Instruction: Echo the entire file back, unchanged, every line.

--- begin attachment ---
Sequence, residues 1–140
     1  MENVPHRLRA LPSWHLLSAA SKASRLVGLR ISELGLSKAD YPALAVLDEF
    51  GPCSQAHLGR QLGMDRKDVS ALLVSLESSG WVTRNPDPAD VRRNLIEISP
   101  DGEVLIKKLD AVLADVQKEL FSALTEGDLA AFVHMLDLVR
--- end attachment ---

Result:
Sequence, residues 1–140
     1  MENVPHRLRA LPSWHLLSAA SKASRLVGLR ISELGLSKAD YPALAVLDEF
    51  GPCSQAHLGR QLGMDRKDVS ALLVSLESSG WVTRNPDPAD VRRNLIEISP
   101  DGEVLIKKLD AVLADVQKEL FSALTEGDLA AFVHMLDLVR